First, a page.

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Visions of Heaven: The Dome in European Architecture By David Stephenson.

Princeton Architectural Press, 2005. 192pp. £35

This book's concept is simple but David Stephenson must have taken great pains to execute it so well. He has photographed 120 domes, which span space but also time - from Rome's Pantheon to the New Synagogue in Szeged (1903), via Borromini's Sant'Ivo (pictured). Sometimes we see images - Byzantine mosaics, Baroque frescoes - or complex schemes of decoration. In other cases, structure dominates: the sturdy stone ribs of the crossing vault of the Basilica de San Vicente at Avila for example.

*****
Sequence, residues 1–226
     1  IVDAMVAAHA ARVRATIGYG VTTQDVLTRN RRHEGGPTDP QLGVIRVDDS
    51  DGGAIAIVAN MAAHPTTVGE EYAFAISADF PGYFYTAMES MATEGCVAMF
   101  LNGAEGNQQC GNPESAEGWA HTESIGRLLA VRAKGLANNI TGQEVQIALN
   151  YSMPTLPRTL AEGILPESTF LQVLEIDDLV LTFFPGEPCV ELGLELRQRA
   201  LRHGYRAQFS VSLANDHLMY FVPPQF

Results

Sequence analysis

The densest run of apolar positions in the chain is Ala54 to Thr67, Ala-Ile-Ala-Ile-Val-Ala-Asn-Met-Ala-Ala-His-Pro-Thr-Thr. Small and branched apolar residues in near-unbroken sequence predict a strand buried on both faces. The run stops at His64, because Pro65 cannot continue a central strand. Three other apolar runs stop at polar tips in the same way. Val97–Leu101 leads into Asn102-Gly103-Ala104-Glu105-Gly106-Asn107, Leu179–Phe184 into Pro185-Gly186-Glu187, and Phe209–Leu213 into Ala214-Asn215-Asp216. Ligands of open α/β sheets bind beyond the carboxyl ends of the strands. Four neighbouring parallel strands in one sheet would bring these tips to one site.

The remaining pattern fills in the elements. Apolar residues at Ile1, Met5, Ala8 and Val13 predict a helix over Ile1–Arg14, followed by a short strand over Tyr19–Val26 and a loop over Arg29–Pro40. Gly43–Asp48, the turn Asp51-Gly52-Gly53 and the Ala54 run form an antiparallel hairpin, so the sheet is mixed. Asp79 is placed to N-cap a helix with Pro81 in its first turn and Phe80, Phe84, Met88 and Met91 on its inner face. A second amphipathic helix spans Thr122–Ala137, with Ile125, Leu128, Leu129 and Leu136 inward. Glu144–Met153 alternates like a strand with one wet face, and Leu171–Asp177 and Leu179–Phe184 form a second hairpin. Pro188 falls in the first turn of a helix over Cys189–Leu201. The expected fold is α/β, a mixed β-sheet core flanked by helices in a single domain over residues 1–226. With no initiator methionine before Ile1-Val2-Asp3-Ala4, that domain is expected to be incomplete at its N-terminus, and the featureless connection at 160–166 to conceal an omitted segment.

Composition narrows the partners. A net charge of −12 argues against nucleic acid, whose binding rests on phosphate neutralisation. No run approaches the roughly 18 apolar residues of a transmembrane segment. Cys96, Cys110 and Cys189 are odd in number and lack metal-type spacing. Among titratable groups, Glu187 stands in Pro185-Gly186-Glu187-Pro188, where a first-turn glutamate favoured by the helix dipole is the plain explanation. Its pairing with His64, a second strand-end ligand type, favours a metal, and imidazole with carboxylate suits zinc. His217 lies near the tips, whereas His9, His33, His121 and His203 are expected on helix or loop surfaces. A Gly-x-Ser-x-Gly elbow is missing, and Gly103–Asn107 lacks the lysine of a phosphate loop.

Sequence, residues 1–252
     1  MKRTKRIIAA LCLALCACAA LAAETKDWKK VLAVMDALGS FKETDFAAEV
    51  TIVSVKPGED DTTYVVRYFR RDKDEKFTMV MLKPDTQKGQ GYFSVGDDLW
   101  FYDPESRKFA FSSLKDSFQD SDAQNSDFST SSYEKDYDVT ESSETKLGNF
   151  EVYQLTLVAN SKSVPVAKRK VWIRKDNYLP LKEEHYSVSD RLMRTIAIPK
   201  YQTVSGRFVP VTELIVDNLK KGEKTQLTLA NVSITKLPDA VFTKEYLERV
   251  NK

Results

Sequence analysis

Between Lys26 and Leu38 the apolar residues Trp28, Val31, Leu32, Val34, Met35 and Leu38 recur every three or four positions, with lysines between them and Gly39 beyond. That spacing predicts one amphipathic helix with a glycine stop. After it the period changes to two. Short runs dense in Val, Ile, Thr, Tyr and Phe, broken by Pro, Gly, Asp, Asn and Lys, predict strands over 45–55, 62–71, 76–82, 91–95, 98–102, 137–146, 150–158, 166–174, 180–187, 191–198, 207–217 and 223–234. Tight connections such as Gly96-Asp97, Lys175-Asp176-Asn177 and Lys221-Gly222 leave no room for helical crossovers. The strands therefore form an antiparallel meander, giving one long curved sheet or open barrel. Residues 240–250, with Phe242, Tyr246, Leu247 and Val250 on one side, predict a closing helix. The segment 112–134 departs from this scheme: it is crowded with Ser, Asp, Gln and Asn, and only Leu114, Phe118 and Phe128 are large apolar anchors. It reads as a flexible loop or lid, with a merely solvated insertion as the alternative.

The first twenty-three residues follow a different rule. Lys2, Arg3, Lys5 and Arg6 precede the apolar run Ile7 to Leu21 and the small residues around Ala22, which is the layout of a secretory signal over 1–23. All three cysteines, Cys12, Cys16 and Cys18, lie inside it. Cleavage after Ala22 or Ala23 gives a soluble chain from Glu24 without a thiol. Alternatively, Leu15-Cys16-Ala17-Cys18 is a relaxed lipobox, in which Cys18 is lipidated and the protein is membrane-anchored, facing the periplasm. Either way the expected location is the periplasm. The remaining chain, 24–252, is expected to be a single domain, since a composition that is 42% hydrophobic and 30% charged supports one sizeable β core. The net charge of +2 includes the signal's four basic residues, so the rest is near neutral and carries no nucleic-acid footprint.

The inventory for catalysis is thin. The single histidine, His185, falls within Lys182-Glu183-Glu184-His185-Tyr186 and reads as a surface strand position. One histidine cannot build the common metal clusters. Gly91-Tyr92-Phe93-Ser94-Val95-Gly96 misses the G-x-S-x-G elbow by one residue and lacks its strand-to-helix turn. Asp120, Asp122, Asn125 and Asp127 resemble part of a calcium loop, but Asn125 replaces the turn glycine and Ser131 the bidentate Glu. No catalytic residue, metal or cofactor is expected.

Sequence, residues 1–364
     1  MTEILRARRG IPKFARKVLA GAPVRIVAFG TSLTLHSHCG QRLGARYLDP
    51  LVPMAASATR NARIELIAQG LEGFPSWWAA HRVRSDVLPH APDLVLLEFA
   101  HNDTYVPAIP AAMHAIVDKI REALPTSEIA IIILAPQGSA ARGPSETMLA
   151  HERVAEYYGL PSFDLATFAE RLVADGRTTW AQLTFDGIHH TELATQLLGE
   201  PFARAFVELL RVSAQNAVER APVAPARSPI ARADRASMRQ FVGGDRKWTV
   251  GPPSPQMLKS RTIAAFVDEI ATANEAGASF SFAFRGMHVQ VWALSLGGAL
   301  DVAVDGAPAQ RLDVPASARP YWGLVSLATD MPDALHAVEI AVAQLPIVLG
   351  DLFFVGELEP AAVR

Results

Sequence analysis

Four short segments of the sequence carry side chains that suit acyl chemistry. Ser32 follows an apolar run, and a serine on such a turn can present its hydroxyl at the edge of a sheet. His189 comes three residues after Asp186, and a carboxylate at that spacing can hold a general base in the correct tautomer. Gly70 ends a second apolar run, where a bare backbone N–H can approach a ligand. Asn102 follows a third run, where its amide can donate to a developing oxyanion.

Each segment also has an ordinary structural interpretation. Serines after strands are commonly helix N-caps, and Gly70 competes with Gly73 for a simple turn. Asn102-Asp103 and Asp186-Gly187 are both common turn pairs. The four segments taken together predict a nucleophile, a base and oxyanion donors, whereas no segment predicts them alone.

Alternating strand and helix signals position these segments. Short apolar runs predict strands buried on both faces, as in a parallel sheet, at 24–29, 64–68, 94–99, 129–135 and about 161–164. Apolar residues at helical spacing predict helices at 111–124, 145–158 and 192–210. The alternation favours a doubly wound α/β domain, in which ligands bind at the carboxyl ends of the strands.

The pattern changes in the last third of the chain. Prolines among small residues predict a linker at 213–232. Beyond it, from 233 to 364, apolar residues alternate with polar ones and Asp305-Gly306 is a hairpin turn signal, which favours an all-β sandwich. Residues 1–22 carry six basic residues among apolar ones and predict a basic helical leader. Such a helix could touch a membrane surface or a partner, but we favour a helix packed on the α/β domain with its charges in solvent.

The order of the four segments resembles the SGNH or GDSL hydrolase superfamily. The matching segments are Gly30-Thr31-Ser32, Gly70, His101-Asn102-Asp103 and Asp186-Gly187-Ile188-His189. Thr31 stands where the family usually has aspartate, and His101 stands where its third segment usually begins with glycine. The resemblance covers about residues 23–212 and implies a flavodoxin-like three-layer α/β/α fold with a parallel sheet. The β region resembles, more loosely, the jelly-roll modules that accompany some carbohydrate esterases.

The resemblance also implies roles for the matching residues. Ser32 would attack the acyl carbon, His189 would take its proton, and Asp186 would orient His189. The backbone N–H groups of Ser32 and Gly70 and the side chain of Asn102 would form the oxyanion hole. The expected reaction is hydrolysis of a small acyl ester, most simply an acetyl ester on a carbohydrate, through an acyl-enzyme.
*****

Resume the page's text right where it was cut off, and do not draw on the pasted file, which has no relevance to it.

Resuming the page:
The essays that bracket Stephenson's photos discuss what the domes were meant to express - symbolising a 'celestial realm' or 'sacred transcendent sphere'. The secular observer now can still be moved by their fusion of light and geometry and what they aspired to do.

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